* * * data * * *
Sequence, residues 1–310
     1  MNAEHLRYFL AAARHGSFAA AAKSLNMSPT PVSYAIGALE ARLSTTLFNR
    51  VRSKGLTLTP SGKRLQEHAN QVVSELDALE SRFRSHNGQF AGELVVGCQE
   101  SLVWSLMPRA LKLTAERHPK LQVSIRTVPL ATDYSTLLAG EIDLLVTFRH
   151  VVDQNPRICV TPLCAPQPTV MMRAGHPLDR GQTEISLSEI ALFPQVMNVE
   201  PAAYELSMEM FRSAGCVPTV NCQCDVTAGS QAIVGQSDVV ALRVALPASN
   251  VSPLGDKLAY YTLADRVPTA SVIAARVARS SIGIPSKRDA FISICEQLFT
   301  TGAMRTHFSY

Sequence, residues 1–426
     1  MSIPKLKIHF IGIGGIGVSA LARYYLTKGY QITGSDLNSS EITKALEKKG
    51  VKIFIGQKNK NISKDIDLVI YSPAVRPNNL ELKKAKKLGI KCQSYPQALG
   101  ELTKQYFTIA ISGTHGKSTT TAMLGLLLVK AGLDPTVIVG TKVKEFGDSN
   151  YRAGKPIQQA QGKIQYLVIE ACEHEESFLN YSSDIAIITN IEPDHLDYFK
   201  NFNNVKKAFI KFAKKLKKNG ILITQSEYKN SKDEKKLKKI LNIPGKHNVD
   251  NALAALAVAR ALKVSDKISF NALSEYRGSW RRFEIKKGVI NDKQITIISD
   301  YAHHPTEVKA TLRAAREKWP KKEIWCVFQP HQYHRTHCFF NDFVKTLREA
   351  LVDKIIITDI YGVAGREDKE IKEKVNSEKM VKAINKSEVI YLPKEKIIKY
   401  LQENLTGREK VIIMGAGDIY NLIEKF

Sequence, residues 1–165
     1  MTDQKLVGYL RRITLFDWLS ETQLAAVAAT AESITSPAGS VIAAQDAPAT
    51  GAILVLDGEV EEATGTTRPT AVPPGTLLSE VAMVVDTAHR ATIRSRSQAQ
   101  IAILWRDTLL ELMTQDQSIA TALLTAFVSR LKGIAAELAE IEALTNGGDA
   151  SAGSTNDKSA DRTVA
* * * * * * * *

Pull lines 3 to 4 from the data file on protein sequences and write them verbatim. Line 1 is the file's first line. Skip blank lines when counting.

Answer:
    51  VRSKGLTLTP SGKRLQEHAN QVVSELDALE SRFRSHNGQF AGELVVGCQE
   101  SLVWSLMPRA LKLTAERHPK LQVSIRTVPL ATDYSTLLAG EIDLLVTFRH